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Ghost In The Shell 2: Man-Machine Interface
Shirow Masamune
Dark Horse Manga paperback $24.95
UK distribution by Titan - £19.99

review by Ian Shutter

This follow-up volume to Ghost In The Shell isn't so much a narrative sequel as a diversion from the norm. Like its predecessor, this is strictly for mature readers. Far less concerned with clunky cyborgs or robots than with what could more accurately be called 'synthetic beings', Man-Machine Interface explores the practical consequences and theoretical ramifications of an imperfect (yet seemingly inevitable) future of technologically augmented people leading increasingly computer-enhanced lives. Motoko is now a freelance antiterrorist expert who projects her conscious will into human-analogue androids, while she investigates a series of extraordinary crimes. She's not alone, though. Psychic girl Tamaki, who works for the Channelling Agency, also embarks upon similar investigations pursuant to the prevention of a seeming cosmological apocalypse. Reality itself appears threatened by adverse pressures from the complexity and activities of e-brain networks. This is not about the end of the world; it's about the end of existence...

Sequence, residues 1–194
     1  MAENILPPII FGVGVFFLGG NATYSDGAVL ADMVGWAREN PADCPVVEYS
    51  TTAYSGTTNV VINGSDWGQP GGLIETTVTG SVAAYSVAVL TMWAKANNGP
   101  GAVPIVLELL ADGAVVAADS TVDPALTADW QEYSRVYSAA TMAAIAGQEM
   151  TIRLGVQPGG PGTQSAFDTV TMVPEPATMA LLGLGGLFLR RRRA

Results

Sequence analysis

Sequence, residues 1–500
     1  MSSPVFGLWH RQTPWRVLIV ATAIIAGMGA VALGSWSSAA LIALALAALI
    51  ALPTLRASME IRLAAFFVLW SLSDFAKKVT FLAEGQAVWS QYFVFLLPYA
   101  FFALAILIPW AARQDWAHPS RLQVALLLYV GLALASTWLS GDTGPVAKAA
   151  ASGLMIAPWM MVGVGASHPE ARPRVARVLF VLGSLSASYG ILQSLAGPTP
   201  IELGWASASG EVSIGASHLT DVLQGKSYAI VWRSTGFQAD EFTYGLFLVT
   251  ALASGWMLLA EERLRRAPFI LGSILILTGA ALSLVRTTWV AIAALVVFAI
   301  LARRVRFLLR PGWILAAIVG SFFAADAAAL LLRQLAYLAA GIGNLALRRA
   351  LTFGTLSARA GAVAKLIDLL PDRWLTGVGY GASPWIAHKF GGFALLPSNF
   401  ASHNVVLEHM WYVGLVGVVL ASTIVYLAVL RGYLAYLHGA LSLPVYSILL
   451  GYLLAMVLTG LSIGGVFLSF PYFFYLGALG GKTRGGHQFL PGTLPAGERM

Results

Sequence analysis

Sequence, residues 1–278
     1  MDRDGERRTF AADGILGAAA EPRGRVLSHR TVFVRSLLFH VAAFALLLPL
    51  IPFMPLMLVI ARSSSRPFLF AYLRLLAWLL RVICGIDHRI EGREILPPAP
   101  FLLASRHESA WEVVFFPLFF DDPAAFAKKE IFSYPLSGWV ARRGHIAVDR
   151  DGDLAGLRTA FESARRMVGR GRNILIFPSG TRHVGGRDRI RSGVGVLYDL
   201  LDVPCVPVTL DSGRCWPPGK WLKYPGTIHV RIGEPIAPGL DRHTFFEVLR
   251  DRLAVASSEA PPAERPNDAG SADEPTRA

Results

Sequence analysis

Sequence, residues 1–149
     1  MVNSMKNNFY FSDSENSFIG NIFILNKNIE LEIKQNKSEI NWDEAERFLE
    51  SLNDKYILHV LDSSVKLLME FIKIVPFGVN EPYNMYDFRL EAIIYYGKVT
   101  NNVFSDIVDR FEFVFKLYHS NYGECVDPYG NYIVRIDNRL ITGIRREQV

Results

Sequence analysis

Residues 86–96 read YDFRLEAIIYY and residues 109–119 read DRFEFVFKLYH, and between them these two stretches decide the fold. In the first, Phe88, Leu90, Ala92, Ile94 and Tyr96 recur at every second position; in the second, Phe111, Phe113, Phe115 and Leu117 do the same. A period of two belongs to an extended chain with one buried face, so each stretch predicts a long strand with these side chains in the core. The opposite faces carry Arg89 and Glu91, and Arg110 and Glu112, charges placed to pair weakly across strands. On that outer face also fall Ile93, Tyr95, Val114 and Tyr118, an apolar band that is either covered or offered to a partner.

As before we have an almost random mix of colour and b/w artwork, while the female characters are drawn with the familiar manga traits of big eyes and overly sexualised bodies, but this time the photorealistic CGI backgrounds are exceptionally intricate and frequently quite dazzling. This is especially true of arrayed control panels and virtual cockpits that are wrapped around our skimpily attired heroines. Gratuitous up-skirt views and profuse crotch shots will doubtless endear the book to male fans of Ghost In The Shell (unfortunate acronym GITS), and in glamorised visualisations of both Motoko and Tamaki in the dramatic null-gravity realm of cyberspace (boasting multi-image overlays of quirky avatars, 'desktop' icons, blazing light-swirls on billowing wire-frame schematics, reminiscent of Tron), they appear naked - sans nipples and pubic hair, of course, in the prescribed Japanese style.

The hectically paced action and fighting scenes are incredibly dynamic, with cinematic effects like slickly convincing motion blur. It's an artistic breakthrough that heralds a brand new age of ultra sophisticated manga imagery, attaining higher production standards than ever before. Purely in terms of on-the-page perceptions, the already fine line between software and hardware is erased. Simply put, GITS: Man-Machine Interface does for 21st century comicbooks what Final Fantasy: The Spirits Within did for animated movies.
Ghost in the Shell 2

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